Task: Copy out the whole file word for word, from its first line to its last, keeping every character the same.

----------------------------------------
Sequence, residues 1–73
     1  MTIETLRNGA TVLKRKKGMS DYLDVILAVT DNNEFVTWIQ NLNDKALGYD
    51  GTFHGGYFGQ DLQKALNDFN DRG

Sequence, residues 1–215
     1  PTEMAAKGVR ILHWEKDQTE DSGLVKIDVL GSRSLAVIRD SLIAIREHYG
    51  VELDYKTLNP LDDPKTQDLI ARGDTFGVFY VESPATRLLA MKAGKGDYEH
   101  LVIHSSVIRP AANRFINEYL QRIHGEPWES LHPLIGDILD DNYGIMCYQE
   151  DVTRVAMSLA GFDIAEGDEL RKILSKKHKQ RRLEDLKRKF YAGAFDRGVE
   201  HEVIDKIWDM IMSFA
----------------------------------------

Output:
Sequence, residues 1–73
     1  MTIETLRNGA TVLKRKKGMS DYLDVILAVT DNNEFVTWIQ NLNDKALGYD
    51  GTFHGGYFGQ DLQKALNDFN DRG

Sequence, residues 1–215
     1  PTEMAAKGVR ILHWEKDQTE DSGLVKIDVL GSRSLAVIRD SLIAIREHYG
    51  VELDYKTLNP LDDPKTQDLI ARGDTFGVFY VESPATRLLA MKAGKGDYEH
   101  LVIHSSVIRP AANRFINEYL QRIHGEPWES LHPLIGDILD DNYGIMCYQE
   151  DVTRVAMSLA GFDIAEGDEL RKILSKKHKQ RRLEDLKRKF YAGAFDRGVE
   201  HEVIDKIWDM IMSFA